Upon stepping through the doors of the deftly converted vintage warehouse building in the heart of La Jolla now known as Herringbone, it’s easy to believe you’re still outside. The blending of outdoor with indoor is well accomplished and integrated throughout, from the open, exposed barrel-truss ceiling providing an airy feeling and lots of natural light, to the incorporation of a number of 100-year-old olive trees adding to its rustic garden feel.
But Herringbone doesn’t stop there. The entire building creates a dining experience that is equal parts whimsical and modern. Noted in the nomination, the restaurant “puts a wry spin on the familiar design of typical seafood restaurants.” The bathrooms, quirky nautical-themed lighting fixtures, blowfish-filled lobster traps and other found artifacts drive this point home, and add even more the charm to this warm and playful coastal restaurant.
- Project Address: 7837 Herschel Avenue La Jolla, CA 92037
- Project Owner/ Developer: Enlightened Hospitality Group
- Owner Contact Name/ Email: email@example.com
- Project Architect/ Designer: Thomas Schoos
Herringbone is the fifth San Diego culinary installment by Enlightened Hospitality Group, helmed by Celebrity Chef Brian Malarkey and hospitality visionary James Brennan. Their goal has always been to produce unique culinary experiences married with the concept of social dining, and Herringbone holds true to that.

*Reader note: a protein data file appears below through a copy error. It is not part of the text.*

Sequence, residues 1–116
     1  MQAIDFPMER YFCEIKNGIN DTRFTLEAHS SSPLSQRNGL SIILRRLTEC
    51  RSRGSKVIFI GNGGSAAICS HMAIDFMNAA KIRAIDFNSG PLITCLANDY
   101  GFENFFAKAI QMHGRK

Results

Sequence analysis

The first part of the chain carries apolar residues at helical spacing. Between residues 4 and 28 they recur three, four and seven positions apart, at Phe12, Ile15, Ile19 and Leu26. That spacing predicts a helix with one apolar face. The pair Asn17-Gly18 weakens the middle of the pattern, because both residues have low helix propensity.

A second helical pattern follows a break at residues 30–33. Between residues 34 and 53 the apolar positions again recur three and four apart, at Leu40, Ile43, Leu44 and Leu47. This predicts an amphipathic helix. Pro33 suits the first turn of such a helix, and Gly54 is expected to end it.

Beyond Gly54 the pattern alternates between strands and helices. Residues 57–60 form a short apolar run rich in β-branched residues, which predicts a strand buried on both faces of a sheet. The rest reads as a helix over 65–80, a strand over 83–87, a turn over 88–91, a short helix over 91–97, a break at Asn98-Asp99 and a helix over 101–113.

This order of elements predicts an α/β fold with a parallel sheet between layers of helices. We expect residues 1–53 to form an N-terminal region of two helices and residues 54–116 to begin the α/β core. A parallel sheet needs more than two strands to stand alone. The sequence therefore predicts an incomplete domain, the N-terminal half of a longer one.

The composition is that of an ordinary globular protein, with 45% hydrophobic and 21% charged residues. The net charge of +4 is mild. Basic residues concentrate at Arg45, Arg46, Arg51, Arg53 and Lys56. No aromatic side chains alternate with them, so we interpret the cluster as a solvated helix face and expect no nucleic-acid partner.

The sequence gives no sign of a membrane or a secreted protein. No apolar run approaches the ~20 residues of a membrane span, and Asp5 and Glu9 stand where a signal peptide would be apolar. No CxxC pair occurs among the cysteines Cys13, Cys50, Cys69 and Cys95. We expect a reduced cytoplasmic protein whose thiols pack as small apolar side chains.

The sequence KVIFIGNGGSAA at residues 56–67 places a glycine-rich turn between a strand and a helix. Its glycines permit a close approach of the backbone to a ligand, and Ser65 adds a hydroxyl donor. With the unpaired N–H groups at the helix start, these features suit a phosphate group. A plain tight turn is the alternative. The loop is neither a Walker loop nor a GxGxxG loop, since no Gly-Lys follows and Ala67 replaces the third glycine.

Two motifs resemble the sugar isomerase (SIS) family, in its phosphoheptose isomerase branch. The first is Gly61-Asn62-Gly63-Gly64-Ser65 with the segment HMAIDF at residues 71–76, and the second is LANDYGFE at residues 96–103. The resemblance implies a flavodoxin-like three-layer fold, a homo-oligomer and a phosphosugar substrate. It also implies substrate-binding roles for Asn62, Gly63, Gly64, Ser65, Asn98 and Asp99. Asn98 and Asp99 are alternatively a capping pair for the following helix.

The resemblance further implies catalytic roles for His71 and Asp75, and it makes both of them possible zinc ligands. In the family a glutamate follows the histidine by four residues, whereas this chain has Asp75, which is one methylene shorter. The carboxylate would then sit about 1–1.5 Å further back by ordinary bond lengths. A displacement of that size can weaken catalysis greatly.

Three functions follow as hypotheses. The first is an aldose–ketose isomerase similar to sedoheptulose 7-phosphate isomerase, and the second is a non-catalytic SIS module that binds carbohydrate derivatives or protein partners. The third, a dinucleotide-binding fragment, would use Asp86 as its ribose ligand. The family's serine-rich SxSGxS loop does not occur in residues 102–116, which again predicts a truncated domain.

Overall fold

Herringbone puts a wry spin on the familiar design of typical seafood restaurants, bringing classic nautical imagery into the 21st century. Taking full advantage of the vintage warehouse structure in which it is set, interiors visionary Thomas Schoos has created a fresh, contemporary atmosphere of easy California beach living that also pays homage to the history of the building and the quaint coastal village of La Jolla. But even while incorporating iconic images and artifacts associated with seafood and the beach, Schoos has found unexpected ways to reinterpret traditional elements, giving the space an eclectic modernism and transforming the cold industrial austerity.
One way in which he accomplished this feat was by ripping the roof off the front portion of the structure and introducing six 100-year-old olive trees. The open-air element along with the massive, twisted trunks and overarching branches help to convert a warehouse environment into a rustic indoor garden. The aged texture of these gnarled trees adds a touch of both traditional beauty and modern openness to the restaurant, warming the room with natural textures, fresh aromas and dappled light.
Other notable design features include stacks of lobster traps filled with inflated blowfish, original paintings by Thomas Schoos, and a giant whale skeleton in a wrought iron blimp structure that becomes a chandelier.